Mallee ecosystems take their name from the small, multi-stemmed eucalypts which feature lignotubers (mallee roots) just below the soil surface, which store carbohydrates and water, and allow the tree to reshoot from the base if stems are destroyed by fire.
The blanket of sandy soil which characterises the mallee, has created a gentle scenery and superficially simple landscape, with species of mallee and understorey of saltbush, heathy shrubs, sedges, grasses or ephemeral herbs varying subtly according to soil type, depth and salinity.
More about the mallee
- Low, unreliable rainfall, high summer temperatures and poor fertility of the sandy soils are a key characteristic – leading some parts to be called ‘deserts’
- Surprisingly diverse flora and fauna including many species of reptiles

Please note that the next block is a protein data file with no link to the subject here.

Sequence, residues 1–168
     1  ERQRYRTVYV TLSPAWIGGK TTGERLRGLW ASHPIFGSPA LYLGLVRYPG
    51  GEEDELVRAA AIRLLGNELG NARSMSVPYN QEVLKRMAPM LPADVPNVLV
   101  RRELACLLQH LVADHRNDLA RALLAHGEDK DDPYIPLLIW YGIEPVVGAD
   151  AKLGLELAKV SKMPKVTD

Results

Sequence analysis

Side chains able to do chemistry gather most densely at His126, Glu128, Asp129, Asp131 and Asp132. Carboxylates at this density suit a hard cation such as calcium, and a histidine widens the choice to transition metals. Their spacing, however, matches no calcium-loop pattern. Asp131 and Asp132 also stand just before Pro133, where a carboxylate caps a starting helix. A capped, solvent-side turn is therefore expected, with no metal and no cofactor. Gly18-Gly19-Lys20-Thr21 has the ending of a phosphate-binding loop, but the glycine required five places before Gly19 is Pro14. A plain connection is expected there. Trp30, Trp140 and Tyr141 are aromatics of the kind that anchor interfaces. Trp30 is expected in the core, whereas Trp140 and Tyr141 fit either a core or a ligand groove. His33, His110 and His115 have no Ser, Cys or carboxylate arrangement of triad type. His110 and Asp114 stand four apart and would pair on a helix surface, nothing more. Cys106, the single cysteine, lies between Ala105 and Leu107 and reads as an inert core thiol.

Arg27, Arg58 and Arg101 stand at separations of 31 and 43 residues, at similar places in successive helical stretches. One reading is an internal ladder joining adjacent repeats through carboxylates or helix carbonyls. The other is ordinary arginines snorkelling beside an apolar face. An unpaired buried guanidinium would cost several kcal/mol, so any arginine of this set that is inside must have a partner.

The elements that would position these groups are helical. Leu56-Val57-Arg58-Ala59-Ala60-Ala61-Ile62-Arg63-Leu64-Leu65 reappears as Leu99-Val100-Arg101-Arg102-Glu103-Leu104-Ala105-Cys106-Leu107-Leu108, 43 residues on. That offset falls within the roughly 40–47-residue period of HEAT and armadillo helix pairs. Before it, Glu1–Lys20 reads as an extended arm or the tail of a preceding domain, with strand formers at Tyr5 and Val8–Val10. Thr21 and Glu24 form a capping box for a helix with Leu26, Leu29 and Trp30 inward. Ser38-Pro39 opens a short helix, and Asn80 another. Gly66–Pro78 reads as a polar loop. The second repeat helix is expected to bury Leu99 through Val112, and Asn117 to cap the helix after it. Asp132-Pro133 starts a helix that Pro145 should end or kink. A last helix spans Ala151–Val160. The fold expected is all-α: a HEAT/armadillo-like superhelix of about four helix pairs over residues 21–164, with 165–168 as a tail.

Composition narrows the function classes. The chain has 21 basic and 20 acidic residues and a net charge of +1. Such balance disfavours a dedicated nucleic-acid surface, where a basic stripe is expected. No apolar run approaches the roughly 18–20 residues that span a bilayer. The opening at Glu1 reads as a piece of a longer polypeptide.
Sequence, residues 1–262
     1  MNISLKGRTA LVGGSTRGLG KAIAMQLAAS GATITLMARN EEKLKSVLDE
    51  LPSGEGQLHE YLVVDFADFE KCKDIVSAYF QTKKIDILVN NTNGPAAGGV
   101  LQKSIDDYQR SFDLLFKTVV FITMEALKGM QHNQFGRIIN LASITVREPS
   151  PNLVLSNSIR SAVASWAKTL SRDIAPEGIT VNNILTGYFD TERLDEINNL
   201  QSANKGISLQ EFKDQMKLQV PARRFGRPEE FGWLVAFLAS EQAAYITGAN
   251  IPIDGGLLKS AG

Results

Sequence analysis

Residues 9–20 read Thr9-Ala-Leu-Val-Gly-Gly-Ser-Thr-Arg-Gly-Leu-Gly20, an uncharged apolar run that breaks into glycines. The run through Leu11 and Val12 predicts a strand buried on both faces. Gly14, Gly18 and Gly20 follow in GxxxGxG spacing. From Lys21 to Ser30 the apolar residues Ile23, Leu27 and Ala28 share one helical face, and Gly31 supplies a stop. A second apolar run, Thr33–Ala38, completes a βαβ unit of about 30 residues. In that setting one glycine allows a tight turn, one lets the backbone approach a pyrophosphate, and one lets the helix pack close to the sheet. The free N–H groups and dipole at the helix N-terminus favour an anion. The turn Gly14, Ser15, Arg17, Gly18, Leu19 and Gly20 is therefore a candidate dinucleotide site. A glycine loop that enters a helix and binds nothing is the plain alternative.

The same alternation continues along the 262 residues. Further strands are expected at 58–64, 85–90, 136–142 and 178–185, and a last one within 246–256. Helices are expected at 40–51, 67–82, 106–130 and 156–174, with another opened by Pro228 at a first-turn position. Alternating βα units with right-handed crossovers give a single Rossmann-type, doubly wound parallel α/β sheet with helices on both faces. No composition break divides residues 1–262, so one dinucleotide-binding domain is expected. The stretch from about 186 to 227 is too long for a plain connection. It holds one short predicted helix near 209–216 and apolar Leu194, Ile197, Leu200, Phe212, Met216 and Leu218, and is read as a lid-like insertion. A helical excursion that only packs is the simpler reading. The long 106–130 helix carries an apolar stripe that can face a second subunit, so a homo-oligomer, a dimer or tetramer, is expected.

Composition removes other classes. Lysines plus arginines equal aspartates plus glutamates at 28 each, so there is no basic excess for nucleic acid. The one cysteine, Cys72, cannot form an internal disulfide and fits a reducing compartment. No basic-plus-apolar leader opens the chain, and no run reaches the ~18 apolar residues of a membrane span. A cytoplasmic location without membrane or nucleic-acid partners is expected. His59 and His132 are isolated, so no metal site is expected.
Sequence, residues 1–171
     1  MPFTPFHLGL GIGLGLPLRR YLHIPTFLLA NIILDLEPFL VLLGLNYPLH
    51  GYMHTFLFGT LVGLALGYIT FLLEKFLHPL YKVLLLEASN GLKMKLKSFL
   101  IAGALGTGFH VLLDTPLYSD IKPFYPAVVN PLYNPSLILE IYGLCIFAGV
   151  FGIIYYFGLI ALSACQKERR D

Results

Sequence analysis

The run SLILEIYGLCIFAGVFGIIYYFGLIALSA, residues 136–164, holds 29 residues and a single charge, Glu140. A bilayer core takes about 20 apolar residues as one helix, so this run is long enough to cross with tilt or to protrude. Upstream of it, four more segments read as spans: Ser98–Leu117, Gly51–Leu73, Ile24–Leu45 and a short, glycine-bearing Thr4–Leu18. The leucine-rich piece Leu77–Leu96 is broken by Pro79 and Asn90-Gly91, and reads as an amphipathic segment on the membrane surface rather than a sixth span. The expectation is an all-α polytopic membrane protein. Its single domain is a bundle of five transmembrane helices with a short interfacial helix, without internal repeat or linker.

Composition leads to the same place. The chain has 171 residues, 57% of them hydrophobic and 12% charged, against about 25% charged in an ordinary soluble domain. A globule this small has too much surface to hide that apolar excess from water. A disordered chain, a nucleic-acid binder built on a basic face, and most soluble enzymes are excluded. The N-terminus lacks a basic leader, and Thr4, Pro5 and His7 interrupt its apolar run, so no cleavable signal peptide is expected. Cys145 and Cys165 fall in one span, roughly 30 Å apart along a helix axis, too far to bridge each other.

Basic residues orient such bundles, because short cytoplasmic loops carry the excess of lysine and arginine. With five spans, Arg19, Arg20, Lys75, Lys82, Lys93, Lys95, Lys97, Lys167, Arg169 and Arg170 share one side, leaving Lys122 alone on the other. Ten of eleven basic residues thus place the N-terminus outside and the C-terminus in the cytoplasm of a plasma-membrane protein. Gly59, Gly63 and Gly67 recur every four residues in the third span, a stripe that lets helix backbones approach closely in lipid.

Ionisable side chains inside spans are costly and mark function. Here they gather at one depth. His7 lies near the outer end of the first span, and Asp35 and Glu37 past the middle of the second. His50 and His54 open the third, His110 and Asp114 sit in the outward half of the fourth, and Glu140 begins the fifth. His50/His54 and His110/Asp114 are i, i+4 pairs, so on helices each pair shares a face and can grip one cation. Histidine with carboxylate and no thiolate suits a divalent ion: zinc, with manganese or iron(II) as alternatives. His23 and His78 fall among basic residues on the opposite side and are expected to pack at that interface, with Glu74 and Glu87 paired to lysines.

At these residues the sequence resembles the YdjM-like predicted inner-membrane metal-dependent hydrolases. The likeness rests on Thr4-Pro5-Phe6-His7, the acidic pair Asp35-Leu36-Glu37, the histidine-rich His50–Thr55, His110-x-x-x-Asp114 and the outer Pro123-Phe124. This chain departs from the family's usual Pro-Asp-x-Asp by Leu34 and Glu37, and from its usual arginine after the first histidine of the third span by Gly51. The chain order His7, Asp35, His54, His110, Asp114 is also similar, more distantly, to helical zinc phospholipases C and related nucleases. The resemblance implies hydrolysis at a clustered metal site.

- Small nocturnal ground-dwelling mammals use burrows for breeding and protection
- Has a distinctive range of birds including the Mallee Fowl which constructs huge mounds of sand and litter to incubate its eggs
- Parrots are prominent, including the colourful Mallee Ringneck, Major Mitchell Cockatoo and Regent parrot.
- Grazing by exotic animals (e.g. rabbits, goats)
- Predation by foxes
- Weed invasion
- Increased temperatures and decreased rainfall are potential threats to species that already ‘live on the edge’
- A potential increase in the frequency of large, intense fire events is also a threat to species that require ‘old-growth’ habitat.
Where to see the mallee
- Murray-Sunset National Park
- Hattah-Kulkyne National Park
- Wyperfeld National Park
- Little Desert National Park
- Big Desert Wilderness Park